It's raining hard right now, so we're not starting on time.
The word "monsoon" has been used here to describe the conditions.
Instant weather update: It's already stopped raining and the tarp's coming off the field. They don't make monsoons the way they used to.
Kevin Millwood will make his 400th career start, joining Jamie Moyer, Andy Pettitte, Livan Hernandez, Tim Wakefield, Javier Vazquez and Jeff Suppan as the only active pitchers to start 400 or more games.
Not only did Orioles manager Buck Showalter sit in the Double-A Bowie dugout last night to watch Jim Johnson pitch, he also wore his uniform. He was in a real rush to get down there.
Showalter visited Johnson in the bullpen earlier and knew that the right-hander wanted to work on his changeup. The home run came on a changeup that Johnson otherwise wouldn't have thrown in that situation. He sped up Thomas Neal's bat with an 84 mph pitch that cleared the fence.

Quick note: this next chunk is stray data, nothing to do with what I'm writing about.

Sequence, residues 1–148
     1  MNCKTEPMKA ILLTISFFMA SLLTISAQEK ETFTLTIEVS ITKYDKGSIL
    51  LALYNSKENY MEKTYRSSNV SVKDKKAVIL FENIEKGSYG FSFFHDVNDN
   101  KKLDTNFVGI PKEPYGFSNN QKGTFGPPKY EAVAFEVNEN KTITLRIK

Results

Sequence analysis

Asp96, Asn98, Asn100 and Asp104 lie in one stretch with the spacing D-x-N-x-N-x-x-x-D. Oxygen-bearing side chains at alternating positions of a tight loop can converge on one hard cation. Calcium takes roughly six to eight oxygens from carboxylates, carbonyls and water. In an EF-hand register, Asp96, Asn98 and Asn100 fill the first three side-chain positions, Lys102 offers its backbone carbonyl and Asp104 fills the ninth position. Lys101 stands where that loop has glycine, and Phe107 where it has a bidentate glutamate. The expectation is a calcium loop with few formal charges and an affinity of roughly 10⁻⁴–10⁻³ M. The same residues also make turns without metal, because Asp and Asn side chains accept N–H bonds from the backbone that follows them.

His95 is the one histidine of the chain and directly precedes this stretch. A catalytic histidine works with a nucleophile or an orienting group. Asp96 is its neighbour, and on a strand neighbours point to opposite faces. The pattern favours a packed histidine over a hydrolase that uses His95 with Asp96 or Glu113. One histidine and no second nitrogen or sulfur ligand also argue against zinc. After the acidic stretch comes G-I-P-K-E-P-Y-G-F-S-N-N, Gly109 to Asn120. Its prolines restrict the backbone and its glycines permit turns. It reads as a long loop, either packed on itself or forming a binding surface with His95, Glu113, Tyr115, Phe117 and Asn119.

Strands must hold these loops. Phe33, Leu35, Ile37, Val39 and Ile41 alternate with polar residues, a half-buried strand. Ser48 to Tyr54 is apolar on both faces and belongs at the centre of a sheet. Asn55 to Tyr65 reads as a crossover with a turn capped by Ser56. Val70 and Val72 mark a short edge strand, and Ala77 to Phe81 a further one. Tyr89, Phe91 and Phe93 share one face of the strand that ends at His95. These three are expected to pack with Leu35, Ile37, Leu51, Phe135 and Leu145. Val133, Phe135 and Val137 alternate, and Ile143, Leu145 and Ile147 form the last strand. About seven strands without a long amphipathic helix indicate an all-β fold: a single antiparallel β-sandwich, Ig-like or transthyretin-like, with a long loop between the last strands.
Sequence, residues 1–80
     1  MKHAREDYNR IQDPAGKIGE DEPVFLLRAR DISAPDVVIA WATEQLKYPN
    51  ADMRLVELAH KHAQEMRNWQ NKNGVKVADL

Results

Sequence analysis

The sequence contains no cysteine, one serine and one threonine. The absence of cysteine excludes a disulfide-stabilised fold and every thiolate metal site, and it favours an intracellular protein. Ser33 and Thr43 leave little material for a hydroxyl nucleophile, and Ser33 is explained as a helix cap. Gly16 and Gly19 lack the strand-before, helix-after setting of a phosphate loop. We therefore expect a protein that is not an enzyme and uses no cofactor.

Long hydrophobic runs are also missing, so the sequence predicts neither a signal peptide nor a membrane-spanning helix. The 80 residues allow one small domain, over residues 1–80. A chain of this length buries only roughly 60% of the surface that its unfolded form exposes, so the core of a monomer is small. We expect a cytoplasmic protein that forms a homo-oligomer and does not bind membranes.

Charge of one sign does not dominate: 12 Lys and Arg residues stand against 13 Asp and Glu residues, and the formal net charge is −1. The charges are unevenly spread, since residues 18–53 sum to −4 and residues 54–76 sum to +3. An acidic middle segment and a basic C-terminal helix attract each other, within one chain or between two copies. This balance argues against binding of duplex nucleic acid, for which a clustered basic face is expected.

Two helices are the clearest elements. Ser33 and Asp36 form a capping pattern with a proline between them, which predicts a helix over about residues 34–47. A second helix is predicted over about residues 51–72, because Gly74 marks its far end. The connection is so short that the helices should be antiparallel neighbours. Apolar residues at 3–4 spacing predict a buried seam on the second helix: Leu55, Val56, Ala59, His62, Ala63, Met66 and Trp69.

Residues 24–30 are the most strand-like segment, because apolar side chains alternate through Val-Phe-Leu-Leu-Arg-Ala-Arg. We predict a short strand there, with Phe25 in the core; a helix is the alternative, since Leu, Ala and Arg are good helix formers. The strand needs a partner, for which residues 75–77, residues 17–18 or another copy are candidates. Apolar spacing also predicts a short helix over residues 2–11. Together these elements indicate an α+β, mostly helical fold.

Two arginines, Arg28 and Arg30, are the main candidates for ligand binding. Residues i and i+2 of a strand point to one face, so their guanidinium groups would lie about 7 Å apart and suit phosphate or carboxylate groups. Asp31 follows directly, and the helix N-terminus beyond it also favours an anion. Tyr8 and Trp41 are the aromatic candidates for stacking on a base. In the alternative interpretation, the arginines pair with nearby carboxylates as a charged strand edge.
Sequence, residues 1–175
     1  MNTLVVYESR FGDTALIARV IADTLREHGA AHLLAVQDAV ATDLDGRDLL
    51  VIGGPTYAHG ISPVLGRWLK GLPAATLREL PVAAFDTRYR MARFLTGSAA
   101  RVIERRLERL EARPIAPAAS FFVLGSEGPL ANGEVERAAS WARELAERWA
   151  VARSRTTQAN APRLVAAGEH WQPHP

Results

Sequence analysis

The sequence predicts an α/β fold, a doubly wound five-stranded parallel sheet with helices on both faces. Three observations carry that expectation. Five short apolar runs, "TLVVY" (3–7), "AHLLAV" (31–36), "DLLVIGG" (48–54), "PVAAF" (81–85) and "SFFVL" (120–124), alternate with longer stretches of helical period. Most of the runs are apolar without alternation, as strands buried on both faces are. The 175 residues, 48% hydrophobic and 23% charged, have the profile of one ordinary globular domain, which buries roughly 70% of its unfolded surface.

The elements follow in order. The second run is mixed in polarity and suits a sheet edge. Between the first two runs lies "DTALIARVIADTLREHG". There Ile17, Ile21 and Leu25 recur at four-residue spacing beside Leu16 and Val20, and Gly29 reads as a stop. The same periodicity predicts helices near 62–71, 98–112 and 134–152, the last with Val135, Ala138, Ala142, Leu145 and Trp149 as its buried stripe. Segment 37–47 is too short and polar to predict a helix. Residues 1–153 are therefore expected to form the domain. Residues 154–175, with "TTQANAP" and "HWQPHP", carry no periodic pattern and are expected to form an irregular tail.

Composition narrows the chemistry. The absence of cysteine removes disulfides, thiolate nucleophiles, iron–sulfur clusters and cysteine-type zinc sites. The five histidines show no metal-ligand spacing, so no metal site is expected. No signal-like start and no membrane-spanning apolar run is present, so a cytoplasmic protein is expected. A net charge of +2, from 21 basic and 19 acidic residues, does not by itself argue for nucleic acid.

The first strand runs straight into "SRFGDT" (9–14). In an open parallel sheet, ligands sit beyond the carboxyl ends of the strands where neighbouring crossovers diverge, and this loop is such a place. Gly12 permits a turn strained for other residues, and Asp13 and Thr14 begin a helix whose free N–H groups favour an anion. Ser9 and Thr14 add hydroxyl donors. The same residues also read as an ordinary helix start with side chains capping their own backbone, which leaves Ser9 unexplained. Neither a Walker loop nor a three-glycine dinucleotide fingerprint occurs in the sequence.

"That's why it's good to be there. Exactly what he should be doing," Showalter said.
"First time I had ever seen him. He throws good. He's got a good look in his eyes. He's getting close. And that was his first back-to-back outing. That's one of the reasons I wanted to see it.
"I got back here about 10 p.m., took off my uniform and went home. It's so close. Boy, what a great situation for us. It was fun to put some faces with names.
"I was impressed with the ballpark. Wow. That's not the Eastern League as I remember it. It's a great facility."
The plan still calls for Johnson to pitch again Tuesday and Wednesday at Bowie. The Orioles must decide whether to activate him before Sept. 1.
Showalter and president of baseball operations Andy MacPhail discussed the situation this morning. I also saw MacPhail talking to reliever Jason Berken, who's a candidate to go on the 60-day disabled list to free up room for Johnson on the 40-man roster.
Showalter said he was impressed with another player at Bowie. He didn't mention any names, but he said it's someone who could be seen again "in the next few years." He meant in Baltimore, and he probably meant center fielder Xavier Avery, who drove in four runs.